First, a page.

– study. Both warming and increased carbon dioxide in the air
will nearly double the intensity of greenhouse gas emissions from
rice paddies, a new study has found. "We're pushing these
ecosystems to become more of a source of this potent greenhouse
gas," said Bruce Hungate, a researcher at Northern Arizona
University and co-author of the report.
Researchers from the University of California, Davis, Northern
Arizona University and Trinity University in Dublin analyzed
journal articles on greenhouse gas emissions from rice
cultivation in fields, growth chambers and glass houses. Posted.
http://www.eenews.net/climatewire/print/2012/10/23/5  BY

Candidates spar over energy; climate's a no-show. Despite weeks
of protests and public campaigns, advocates for a discussion of
climate change policy saw their efforts fall short last night
when neither President Obama nor GOP presidential nominee Mitt
Romney broached the topic at their final debate of the campaign
cycle. Obama and Romney met at Lynn University in Boca Raton,
Fla., in their third and final matchup last night, in an event
largely keyed to foreign policy. Various environment
organizations had lobbied for weeks -- submitting petitions,
purchasing national television ad time and staging protests at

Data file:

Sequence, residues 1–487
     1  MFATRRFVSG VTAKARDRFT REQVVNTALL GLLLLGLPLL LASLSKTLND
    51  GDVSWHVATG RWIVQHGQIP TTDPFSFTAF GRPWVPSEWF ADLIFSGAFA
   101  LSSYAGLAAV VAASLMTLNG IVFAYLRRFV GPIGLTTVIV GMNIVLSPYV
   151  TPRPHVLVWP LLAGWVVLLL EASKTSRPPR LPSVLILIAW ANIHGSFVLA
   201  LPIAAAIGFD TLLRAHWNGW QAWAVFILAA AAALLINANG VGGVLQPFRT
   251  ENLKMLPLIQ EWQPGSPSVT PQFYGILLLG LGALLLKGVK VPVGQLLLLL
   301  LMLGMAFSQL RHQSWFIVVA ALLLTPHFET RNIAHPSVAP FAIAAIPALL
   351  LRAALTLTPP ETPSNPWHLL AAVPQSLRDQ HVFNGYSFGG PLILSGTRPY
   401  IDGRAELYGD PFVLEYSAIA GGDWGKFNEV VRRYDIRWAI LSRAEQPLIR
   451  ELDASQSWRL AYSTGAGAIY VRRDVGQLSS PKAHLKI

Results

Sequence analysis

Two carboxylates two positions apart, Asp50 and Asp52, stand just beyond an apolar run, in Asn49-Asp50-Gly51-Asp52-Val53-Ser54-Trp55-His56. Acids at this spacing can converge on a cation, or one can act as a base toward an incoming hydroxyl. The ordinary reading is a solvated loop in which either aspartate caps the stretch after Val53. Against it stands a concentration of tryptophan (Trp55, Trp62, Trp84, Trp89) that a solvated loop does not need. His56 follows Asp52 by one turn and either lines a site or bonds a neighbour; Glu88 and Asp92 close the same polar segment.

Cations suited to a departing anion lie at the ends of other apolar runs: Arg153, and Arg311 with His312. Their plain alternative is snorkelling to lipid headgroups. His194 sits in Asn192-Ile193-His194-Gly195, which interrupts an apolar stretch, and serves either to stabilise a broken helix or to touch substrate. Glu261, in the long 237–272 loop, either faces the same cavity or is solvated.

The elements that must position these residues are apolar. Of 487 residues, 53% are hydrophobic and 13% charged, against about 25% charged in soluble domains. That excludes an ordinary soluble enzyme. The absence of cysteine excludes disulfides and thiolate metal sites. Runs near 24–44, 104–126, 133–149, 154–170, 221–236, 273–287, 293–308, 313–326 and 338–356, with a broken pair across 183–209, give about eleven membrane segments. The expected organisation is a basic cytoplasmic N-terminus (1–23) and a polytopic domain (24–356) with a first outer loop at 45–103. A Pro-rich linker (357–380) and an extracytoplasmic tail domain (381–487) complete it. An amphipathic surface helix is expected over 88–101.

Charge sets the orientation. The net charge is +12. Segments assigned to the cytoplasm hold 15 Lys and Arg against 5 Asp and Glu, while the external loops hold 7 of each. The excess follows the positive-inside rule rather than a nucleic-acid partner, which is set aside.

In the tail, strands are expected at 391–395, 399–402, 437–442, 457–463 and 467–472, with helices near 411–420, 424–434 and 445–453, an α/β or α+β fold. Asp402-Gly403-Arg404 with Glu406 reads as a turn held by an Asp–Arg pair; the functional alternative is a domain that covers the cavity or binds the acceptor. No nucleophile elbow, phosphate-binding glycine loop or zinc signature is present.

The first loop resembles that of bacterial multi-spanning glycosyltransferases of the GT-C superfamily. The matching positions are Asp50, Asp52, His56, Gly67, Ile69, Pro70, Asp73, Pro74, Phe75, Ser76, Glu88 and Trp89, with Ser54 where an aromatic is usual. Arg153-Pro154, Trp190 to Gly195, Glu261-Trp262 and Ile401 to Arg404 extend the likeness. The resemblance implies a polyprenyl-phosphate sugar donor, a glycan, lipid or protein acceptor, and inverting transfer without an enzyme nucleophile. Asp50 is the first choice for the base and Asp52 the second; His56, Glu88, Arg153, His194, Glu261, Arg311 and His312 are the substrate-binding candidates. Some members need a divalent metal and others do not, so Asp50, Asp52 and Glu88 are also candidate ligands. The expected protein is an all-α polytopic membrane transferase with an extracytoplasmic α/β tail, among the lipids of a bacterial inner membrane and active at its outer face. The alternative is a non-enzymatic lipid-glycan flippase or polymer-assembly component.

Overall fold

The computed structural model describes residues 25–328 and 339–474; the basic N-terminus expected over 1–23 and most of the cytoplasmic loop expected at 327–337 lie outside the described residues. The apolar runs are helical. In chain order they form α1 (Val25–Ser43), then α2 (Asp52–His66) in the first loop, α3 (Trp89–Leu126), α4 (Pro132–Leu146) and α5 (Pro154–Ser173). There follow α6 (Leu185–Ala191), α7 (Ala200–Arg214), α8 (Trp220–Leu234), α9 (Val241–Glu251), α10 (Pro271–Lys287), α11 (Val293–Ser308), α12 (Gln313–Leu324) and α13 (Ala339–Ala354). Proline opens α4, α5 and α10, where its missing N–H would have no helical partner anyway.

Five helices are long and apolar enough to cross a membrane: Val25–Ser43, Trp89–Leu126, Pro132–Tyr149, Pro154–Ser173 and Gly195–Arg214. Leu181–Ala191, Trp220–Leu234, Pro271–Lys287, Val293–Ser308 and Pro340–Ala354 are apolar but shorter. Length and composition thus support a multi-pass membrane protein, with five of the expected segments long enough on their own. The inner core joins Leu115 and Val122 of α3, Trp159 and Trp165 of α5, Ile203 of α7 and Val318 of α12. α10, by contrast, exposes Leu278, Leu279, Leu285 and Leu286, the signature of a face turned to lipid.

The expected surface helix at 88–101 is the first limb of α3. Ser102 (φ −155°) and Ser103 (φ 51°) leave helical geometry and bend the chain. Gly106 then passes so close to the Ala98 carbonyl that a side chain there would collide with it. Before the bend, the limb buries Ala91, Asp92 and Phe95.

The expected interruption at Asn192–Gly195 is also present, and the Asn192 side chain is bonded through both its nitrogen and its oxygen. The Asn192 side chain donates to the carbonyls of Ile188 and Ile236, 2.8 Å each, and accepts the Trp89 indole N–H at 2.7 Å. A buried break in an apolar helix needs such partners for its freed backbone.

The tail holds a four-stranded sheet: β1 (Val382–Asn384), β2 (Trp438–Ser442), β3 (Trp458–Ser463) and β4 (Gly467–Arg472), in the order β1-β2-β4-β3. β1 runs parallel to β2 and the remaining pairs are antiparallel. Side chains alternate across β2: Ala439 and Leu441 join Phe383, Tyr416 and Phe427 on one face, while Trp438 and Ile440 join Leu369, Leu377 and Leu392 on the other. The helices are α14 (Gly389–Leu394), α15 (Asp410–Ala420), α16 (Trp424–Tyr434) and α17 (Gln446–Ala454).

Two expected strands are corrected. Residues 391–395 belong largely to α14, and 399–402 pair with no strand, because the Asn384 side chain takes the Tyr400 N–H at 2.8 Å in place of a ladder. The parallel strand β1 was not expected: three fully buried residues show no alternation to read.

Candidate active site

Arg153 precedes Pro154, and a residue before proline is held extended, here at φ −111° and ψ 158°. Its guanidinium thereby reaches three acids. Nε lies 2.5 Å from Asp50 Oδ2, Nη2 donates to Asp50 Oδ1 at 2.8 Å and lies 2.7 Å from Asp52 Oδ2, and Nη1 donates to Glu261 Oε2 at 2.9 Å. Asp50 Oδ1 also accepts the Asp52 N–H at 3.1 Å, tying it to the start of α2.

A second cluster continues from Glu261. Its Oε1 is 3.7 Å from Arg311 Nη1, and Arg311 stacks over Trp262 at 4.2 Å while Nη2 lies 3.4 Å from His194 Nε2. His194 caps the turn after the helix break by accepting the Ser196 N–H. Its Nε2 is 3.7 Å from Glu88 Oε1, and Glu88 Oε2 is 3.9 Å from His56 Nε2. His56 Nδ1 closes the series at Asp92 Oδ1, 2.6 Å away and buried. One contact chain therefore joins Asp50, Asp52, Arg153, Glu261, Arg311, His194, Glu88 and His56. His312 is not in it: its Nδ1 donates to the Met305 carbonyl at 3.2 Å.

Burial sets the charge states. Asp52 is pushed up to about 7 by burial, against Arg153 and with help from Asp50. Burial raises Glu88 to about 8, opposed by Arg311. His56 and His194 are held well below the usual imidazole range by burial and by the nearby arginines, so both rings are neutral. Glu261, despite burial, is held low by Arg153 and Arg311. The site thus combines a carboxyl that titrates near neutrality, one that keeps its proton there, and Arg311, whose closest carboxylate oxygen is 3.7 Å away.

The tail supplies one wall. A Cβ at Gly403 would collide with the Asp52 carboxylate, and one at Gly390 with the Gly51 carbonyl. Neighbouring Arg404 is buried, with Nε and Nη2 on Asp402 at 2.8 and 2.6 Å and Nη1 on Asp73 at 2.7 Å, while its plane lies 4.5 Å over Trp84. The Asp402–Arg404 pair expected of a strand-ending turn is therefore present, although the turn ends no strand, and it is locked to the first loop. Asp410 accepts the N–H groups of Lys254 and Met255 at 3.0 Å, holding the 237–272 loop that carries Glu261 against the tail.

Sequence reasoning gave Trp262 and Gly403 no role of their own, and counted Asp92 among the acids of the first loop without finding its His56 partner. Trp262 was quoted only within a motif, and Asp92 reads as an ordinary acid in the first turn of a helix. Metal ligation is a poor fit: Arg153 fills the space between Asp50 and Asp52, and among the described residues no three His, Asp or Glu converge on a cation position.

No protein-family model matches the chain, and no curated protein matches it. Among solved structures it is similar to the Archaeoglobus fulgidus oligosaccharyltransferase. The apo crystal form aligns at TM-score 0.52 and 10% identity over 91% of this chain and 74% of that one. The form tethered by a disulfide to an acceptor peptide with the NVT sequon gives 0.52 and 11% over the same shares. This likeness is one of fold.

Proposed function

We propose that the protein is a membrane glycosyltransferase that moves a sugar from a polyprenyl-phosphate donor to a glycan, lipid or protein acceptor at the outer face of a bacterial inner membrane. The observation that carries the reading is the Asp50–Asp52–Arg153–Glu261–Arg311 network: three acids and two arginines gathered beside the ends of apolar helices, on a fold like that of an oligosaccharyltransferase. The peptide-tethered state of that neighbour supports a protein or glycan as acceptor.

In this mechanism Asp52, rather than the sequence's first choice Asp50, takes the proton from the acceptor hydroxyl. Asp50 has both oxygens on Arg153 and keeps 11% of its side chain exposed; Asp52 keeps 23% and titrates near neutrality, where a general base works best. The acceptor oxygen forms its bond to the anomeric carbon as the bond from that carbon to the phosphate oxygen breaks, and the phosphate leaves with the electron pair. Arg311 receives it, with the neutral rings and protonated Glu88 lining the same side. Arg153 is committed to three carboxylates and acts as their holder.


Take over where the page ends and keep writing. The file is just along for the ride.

each of the debate sites -- for candidates to be asked to address
their positions on climate change science. Posted.
http://www.eenews.net/Greenwire/print/2012/10/23/2 BY


Diesel fumes more polluting than gas, new California study finds.
A chemical analysis of air samples taken from California's San
Joaquin Valley and an Oakland traffic tunnel show that diesel
fuel emissions are more polluting than previously thought,
according to researchers. The study, which appeared Monday in the
journal PNAS, focuses on a specific form of pollutant known as
secondary organic aerosol, or SOA. The pollutant is a major
element of smog and can contribute to heart and respiratory
problems. Posted.

CARB: How do you know your PM filter is legal?  That diesel
particulate filter a shop or parts dealer talked you into may fit
onto your after-exhaust system – but it won’t keep you from
getting a citation issued by the California Air Resources Board. 
As part of CARB’s diesel truck inspection blitz in September, the
air quality agency found many trucks that had particulate filters
installed, though some weren’t CARB approved and left truck
owners vulnerable to expensive fines.  In a news release, CARB